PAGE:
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Sweet Wine

Ranging from medium-dry to almost cloyingly rich, these wines are sweet from the residual sugar left in the wine after fermentation has stopped. Sweet wines or dessert wines are produced in the same way as dry white wines; the difference lies in when the grapes are picked. By leaving the grapes on the vine for longer and harvesting them later in the season the grapes become fully ripe and develop a much higher sugar content.

When these high sugar content musts ferment, the yeast, which is converting the sugar to alcohol, tires quickly and the fermentation comes to a halt leaving behind unconverted natural sugars which is referred to as residual sugar content.

The most famous sweet wines such as Château D’Yquem of Sauternes are made from grapes purposefully left on the vines waiting to become infected with a type of rot called botrytis cinerea, better known as ‘noble rot’ (pourriture noble in French). This fungus dries out the grapes and gives them a much higher concentration of sugar as well as honey and apricot flavours but takes great skill and knowledge to bring about.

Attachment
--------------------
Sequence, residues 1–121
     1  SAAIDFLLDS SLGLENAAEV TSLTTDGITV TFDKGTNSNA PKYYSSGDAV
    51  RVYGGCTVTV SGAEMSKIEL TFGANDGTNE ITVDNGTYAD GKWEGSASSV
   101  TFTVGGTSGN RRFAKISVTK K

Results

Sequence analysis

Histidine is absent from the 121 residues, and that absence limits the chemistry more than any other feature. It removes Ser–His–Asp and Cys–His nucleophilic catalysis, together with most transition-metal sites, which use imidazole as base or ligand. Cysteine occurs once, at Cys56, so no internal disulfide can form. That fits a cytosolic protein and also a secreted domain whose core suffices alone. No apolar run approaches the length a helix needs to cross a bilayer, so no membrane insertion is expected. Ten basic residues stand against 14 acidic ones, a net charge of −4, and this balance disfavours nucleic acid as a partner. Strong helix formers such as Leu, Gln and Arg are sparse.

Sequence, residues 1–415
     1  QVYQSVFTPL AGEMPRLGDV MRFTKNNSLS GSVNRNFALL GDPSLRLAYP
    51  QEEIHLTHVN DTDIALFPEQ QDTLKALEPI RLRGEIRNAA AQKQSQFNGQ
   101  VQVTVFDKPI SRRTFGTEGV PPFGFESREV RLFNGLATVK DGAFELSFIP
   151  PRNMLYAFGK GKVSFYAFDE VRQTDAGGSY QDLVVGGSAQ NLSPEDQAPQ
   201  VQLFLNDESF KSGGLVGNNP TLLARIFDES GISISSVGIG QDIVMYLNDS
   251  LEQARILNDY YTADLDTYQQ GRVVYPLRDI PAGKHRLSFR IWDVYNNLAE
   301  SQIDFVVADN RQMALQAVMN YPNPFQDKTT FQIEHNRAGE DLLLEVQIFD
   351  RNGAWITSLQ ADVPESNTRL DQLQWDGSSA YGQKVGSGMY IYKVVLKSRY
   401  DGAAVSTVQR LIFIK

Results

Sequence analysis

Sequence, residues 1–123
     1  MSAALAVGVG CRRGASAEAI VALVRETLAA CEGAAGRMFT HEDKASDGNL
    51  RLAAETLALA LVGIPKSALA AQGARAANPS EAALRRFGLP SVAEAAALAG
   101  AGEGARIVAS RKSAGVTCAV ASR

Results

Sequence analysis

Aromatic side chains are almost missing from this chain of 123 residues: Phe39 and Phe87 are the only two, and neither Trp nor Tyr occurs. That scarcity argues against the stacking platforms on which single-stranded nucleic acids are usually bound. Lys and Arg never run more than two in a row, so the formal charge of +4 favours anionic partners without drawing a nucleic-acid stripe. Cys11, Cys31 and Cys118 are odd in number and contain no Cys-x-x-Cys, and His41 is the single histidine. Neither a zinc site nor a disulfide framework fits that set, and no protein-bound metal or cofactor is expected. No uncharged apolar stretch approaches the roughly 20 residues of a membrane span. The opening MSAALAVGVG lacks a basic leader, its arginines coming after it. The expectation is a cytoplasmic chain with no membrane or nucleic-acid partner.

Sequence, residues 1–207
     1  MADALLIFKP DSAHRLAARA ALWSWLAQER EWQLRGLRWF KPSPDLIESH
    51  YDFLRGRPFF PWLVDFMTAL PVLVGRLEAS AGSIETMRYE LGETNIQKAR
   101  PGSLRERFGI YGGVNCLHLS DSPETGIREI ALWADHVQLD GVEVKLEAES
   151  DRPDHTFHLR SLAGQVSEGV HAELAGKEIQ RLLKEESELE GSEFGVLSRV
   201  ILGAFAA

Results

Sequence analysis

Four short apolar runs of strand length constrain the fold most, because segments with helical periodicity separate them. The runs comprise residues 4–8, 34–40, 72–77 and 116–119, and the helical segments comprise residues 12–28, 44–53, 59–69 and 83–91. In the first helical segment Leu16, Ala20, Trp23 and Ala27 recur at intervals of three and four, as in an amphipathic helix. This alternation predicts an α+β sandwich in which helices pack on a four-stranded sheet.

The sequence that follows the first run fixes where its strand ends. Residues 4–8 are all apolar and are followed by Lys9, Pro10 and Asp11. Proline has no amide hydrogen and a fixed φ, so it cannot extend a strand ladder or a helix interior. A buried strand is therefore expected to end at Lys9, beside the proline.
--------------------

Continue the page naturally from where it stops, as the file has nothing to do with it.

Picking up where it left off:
Sauternes is renowned for producing the best sweet wines in the world, though Alsace, the Loire Valley and other regions of France produce outstanding examples. Only certain grape varieties are fit for producing sweet wines. Amongst these are Chenin Blanc, Muscat, Sémillon, Sauvignon Blanc, Gewurztraminer, Pinot Gris and Riesling. Sweet wines naturally go well with sugary desserts and even cheese but also as an aperitif with dishes like foie gras. If not they are always delicious on their own. These wines are best served at 8-10°C.

  1. Château Rieussec, Premier Cru Classé Sauternes, 1983

    Château Rieussec, Premier Cru Classé Sauternes, 1983

    Château Rieussec is a Premier Cru Classé Sauternes which is known for its good value and quality from this exalted appellation.

    Details
    Colour White Wine
    Grape Variety Muscadelle, Sauternes Blend, Sauvignon Blanc, Sémillon
    Country France

    £59.99

    Out of stock

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